OH & H2O Production and Radial Distribution from Ultraviolet Observations of C/2013 A1 (Siding Spring) by MAVEN

Thursday, 18 December 2014
Matteo Michael James Crismani1, Nicholas McCord Schneider1, Justin Deigan1, Ian F Stewart1, Michael R Combi2, Nicolas Fougere2 and Bruce Martin Jakosky1, (1)Laboratory for Atmospheric and Space Physics, Boulder, CO, United States, (2)Univ Michigan, Ann Arbor, MI, United States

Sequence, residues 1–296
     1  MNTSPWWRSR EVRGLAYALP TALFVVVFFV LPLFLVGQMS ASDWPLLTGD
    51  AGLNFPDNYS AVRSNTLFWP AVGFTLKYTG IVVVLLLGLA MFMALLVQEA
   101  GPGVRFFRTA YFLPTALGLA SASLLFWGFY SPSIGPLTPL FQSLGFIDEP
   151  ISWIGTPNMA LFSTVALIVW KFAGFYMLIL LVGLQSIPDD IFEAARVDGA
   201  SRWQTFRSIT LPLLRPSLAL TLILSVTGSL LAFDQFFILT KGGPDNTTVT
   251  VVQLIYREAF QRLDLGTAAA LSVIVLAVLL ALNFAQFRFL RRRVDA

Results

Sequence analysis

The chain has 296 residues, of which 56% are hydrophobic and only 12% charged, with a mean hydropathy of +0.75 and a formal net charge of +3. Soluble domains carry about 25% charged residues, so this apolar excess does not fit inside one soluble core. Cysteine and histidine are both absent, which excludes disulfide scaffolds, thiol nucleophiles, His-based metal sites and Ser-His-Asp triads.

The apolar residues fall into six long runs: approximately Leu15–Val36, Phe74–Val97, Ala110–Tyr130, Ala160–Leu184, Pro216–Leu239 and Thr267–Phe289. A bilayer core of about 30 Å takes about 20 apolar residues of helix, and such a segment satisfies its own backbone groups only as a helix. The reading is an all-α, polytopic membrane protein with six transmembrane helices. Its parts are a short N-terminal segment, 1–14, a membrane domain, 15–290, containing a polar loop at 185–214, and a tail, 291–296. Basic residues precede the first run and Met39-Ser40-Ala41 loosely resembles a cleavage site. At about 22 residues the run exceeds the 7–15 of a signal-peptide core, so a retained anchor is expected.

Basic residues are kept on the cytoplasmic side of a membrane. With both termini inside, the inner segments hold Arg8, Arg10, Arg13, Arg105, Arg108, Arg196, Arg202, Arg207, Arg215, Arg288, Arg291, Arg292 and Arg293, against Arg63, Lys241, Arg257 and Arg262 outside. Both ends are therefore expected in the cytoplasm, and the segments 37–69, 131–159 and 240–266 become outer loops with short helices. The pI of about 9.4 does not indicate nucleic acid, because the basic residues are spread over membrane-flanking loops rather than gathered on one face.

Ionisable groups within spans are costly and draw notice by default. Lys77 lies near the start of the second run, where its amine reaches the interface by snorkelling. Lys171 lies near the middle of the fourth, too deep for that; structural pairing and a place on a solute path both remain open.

After its arrival at Mars, MAVEN has been serendipitously positioned to study the anticipated planetgrazing comet C/2013 A1 (Siding Spring) and offers important scientific observations. Although water is the most abundant volatile species in comets, its lack of spectral features in the UV and visible make it difficult to observe. OH is then an important proxy for H2O, and observations of its production and radial distribution can give insight into the water content in comets. Our observations of the comet are planned to occur on Oct 17th 2014, two days before its closest approach to Mars. The two imaging modes that will capture the OH coma include a 10x10 degree mode, as well as a finer resolution mode of 2x2 degrees. From these observations we will be able to observe a majority of the OH coma, and inform observations of Mars’ perturbed atmosphere, as well as contributing to the understanding of volatile content in Oort cloud comets.